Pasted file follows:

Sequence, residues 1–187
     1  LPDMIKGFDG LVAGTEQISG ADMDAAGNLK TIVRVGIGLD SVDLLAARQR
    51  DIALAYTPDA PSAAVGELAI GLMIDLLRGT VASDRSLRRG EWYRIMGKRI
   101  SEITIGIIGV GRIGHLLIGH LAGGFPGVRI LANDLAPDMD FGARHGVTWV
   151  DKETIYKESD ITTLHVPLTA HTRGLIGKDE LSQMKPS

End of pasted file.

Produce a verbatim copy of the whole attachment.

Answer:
Sequence, residues 1–187
     1  LPDMIKGFDG LVAGTEQISG ADMDAAGNLK TIVRVGIGLD SVDLLAARQR
    51  DIALAYTPDA PSAAVGELAI GLMIDLLRGT VASDRSLRRG EWYRIMGKRI
   101  SEITIGIIGV GRIGHLLIGH LAGGFPGVRI LANDLAPDMD FGARHGVTWV
   151  DKETIYKESD ITTLHVPLTA HTRGLIGKDE LSQMKPS